08-10-2012 04:55 PM
I want to know what's the average cost for such a project in the Greater Seattle Area. Rumor has it that contractors raise prices for certain areas.
08-10-2012 05:32 PM
To me knocking down a wall and doing a kitchen reno should be $50K - rough ballpark. Its hard to say as there are a ton of details missing from your description. I would get about three or four contractor quotes to see what the price and project scope variation is...
08-10-2012 07:36 PM
This is a dangerous game without full info, but 250/ft would be a good starting point for 300 or larger sf. When kitchens or baths are involved, unit costs can get pretty high, because thouse are expensive rooms to build. Family rooms [ not talking a lot of tech or home theater here ] are mostly inexpensive unless the integration is dicey [ roof complications causing an entire re-roof of the house for example, or big floorplan changes to accomodate]
Are you working with an architect or other design professional? That can sometimes be advisable. Competetive bidding works best when everyone is looking at the same drawings and scope. Otherwise, it's the blind men and the elephant.
08-10-2012 08:09 PM
Like anything in life you should get competing bids. Costs can vary. Just the appliances and counters in a high end kitchen can be 40k. A kitchen can be many things. Get bids and references.
08-10-2012 11:24 PM - edited 08-10-2012 11:26 PM
We're looking into adding an additional 400 sqft and kitchen remodel to flow into the new expansion creating a 'great room'.
The roof line doesn't have to be changed, just extend out. They will need to excavate for the new addition's foundation. We will have to provide for the appliances seperately.
The contracting company has their own architech, design team, and structural engineer working for them. The 'soft cost' is roughly $13K for 400 sqft addition, and $9K for 200 sqft addition.
08-11-2012 11:21 AM
If the kitchen is about 180sf, that plus the addition totals 580sf? [guessing here] that's $ 250 x 580 = 145k plus their soft cost @13k. sum ~160k plus sales tax. Are they going to install your appliances? You will get the appliance warranty exposure?
Is the general building permit in their quote? Are sales taxes included in their quote? There is so much unknown here...
It's not impossible to spend 500/ft on this stuff, but most people would live fine in a 250/sf home. I don't know you or your tastes, but you spoke of "average", and to me, $250/ft fills that bill. [I am a builder, btw, not conjuring this out of thin air]
Probably can't comment further, leaving soon on vacation, but there are others on here who build professionally, maybe they can help.
08-12-2012 11:19 AM
"The 'soft cost' is roughly $13K for 400 sqft addition, and $9K for 200 sqft addition."
You would be better off waiting until you can afford the extra $4,000.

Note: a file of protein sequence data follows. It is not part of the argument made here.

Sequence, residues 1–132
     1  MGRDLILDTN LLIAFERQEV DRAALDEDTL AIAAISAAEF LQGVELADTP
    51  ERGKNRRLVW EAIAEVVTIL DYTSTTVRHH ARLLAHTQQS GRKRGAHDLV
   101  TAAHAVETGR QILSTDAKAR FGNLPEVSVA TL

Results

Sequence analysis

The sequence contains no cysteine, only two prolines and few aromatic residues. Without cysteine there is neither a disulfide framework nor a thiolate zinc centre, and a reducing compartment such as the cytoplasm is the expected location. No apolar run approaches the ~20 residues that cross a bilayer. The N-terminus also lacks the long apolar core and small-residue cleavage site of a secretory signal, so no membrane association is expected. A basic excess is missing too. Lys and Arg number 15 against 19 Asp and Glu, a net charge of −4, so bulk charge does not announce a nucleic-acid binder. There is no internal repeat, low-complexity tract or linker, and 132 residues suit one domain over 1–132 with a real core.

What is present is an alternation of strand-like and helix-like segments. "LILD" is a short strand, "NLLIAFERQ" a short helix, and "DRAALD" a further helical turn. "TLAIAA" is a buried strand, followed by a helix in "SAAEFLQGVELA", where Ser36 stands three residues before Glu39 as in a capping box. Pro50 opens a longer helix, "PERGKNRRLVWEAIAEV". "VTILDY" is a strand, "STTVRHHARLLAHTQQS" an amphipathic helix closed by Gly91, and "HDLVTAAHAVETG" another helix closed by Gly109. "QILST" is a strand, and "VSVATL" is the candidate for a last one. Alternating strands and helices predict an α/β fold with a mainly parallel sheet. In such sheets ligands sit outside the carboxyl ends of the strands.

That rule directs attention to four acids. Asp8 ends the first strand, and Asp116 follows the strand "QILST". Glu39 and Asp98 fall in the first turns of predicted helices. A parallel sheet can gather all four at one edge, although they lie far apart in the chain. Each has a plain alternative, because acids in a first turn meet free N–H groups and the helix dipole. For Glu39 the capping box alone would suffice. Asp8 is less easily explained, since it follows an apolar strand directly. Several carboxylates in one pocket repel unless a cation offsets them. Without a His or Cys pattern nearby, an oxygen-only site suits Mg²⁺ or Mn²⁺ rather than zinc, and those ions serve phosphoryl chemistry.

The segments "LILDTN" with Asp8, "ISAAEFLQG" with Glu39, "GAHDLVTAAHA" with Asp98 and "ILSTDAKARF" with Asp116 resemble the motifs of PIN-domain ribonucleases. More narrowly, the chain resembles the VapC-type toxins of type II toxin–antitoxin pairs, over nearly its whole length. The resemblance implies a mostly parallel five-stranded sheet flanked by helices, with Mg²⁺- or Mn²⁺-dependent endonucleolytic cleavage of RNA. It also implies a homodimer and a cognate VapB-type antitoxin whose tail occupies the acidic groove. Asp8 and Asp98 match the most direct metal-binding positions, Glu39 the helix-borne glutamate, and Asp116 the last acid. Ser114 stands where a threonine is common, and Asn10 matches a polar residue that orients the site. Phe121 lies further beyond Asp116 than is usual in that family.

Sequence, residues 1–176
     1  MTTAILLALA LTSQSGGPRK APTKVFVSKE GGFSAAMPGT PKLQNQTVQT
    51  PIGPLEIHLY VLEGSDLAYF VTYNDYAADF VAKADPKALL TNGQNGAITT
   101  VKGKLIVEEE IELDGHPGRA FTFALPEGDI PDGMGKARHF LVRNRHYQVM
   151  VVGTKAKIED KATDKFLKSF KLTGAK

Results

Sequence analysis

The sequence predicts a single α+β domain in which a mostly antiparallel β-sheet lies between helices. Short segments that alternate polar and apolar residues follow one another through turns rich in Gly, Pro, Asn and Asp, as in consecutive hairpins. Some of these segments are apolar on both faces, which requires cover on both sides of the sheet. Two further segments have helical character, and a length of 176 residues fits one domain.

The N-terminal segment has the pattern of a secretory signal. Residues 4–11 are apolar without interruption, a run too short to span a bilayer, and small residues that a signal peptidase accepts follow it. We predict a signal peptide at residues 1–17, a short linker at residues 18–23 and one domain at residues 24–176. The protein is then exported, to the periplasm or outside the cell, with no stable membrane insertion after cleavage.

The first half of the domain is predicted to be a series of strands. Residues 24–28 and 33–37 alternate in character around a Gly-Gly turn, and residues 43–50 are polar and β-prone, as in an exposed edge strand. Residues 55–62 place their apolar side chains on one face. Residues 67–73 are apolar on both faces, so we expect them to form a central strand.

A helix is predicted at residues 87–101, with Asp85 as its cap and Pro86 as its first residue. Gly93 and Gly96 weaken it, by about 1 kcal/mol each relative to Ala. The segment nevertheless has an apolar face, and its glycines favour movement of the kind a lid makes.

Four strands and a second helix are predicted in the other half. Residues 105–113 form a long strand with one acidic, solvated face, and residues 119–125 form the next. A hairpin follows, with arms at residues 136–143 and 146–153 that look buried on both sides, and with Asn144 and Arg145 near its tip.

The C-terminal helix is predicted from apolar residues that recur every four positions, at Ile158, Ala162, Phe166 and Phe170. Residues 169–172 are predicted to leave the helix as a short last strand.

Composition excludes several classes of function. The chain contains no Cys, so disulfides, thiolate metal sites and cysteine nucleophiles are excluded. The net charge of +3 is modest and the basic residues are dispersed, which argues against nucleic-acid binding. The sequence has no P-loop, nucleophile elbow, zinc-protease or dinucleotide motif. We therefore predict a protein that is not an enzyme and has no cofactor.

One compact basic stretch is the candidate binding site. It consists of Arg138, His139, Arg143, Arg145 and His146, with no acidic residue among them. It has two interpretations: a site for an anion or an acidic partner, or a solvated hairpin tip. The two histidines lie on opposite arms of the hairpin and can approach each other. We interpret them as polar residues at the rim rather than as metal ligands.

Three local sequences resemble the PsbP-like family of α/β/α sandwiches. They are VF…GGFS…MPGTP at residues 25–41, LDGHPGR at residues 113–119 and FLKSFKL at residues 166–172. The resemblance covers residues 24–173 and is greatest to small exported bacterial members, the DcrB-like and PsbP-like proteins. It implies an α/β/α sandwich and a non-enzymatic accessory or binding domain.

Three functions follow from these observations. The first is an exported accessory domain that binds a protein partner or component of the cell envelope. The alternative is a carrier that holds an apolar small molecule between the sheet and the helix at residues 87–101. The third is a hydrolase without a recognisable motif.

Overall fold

You should look at them as two separate projects and try to trim the kitchen remodel down to no more than $30,000, as the recapture % diminishes after $30,000 (not including appliances).
As to the addition, you get a higher return by adding 400 sf than 200 sf and that is higher than the cost difference of $4,000. Digging up the extra $4,000 is the best answer OR cutting back on the kitchen remodel cost to transfer $4,000 from the kitchen to the family room.
The added value of extra square footage never goes away, unless it's a poor quality add on. The value of the kitchen remodel diminishes over time. So cutting the added sf from 400 to 200 is not the best answer.
08-13-2012 11:06 AM
bld999: thanks for your input. I was looking for the $250/sqft. Like anything in life, you can go wild if you have deep pockets.
We did get a couple of bids, the range is so wide. We like this company but the price is a little steep with being $500 sqft for typical builder grade. We'll have to do painter, supply the appliances, windows. Those will be install by the individual contractors and not the building company.
Ardell: the difference in $4K is only the design/permitting cost. The actual total construction cost would be $40-$60K difference. If only the total construction cost is $13K.
08-13-2012 12:04 PM
I have a friend who is a contractor. He gets in situations where people bid all over the place. Get references and some samples of what they've done. Sometimes you pay in the end for the cheapest bidder. They might be hurting for work and there could be a reason why. The most expensive might be so busy that they only take the highly profitable jobs. Do your homework.
08-13-2012 01:38 PM
If you email me the address I can give you the max the property can absorb in improvement costs. You can do that openly here if you like, but most don't want to post their addresses publicly. Either way is fine with me. The style of home sometimes dictates the % of return you can get, as does the location. Not every house can absorb an expensive remodel.